Presentation is loading. Please wait.

Presentation is loading. Please wait.

By : Candra Wahyuni P Ery Ardono S Heru Agung P AP 14 MM UGM 2010.

Similar presentations

Presentation on theme: "By : Candra Wahyuni P Ery Ardono S Heru Agung P AP 14 MM UGM 2010."— Presentation transcript:

1 By : Candra Wahyuni P Ery Ardono S Heru Agung P AP 14 MM UGM 2010

2 Value Chain geography Product Market

3  For most firms, expansion begin within their original industry, by increasing the scale of out put, vertically integrating, producing closely related products, or entering new geographies  Firms often pursue such expansions proactively, to increase their size and enhance their competitive positions. In other cases, the same moves are taken reactively, to defend a firm’s position as others move to exploit scale and scope advantages

4  Economies of scale exist when the average cost of producing each unit declines as more units of a good or service are produced.  Single site economies often accur in physical production processes and are related to the size of the manufacturing unit  Scale allows specialization, which may be of considerable benefit to a firm.  Multiple site economies are dominant firms that operate more than one plant or establishment. There are more likely to be found in R&D and marketing than in the phisical production process  Multiple site firms may also benefit from economies of risk spreading and lower capital cost. Larger organization may be more successful in attracting and holding highly talented people, the cost of which can be spread across a larger volume of out put.

5  Economies of scale refer to cost reductions that company increase in total current out put, experience curve refers to cost reductions that occur as cumulative volume rises  Experience curves emerged out of a manufacturing environment or service firms. The other factors that contributed are ongoing engineering and technical improvements

6  Scale : can be quickly replicated by building a large plant  experience : must built through time, effect are classic examples of path dependency, difficult to transfer knowledge across location even within a firm, extent that competence of first hand experience if individual.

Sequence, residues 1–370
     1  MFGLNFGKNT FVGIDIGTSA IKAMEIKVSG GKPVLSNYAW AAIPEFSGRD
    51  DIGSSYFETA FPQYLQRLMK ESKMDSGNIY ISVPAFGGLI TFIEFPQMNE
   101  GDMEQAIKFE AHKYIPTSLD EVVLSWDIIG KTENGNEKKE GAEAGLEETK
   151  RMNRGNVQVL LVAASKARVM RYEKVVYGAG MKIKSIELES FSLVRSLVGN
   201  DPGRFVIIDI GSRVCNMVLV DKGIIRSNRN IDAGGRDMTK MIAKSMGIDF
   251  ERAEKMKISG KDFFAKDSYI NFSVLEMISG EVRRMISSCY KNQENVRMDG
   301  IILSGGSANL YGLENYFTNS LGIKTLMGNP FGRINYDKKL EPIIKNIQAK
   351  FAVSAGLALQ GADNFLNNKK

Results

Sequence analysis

7  Cost decline indefinitely as scale and experience doesn’t continue to rise. Some time it is posible, but many not smooth fuctions. Physical properties often limit efficiency gains beyond certain level  There are also strategic risks to consider. Exploiting scale economies requires considerable investment, often specialized assets, if taste change, these sunk investment may lock a firm into an unattractive strategy and not be recovered  It is not unusual fot the magnitude of scale economies to shift over the life of an industry

8  Network externalities exist when customer’s valuation of a product increases as more customers buy or use the good or service  Economies of scale exist when average cost declines as good or service is produced or sold in larger volume  Economies of scope exist when the cost of producing and selling multiple products together is lower than the cost of producing and selling the same quantity of goods individually

9  The size and scope of a firm is influenced not only by the scale economies of various activities, but also by the presence of the cost saving across functions or units  Economies of scope exist when it is less costly to combine two or more product lines in one firm than to produce them separately  Economies of scope may be occuring in activities that are not directly related to the physical production process, including research and development, sales marketing, distribution, transportation, and overhead.  The role intangible resources in scope economies has recently received considerable attention. Example : firm’s reputation, umbrella branding, creation of competences

10 Corporate Scope Shared facilities, logistic, and purchasing Common technology Shares operating skills Common customer Common channels Brand value Business unit competitive advantage *Lower cost *hingher quality productionproduction marketingmarketing

11  Network externalities is a source of advantage that encourages a firm to expand within an industry.  Network externalities increase demand for the product or the service of the large player and or early mover  Effect of network externalities are positive feedback, winner takes all, system is open or closed

12  Simply increasing the volume of a business in no sense guarantees that firm’s cost structure will improve  Combining two related business lines does not mean that product quality will improve or cost will decline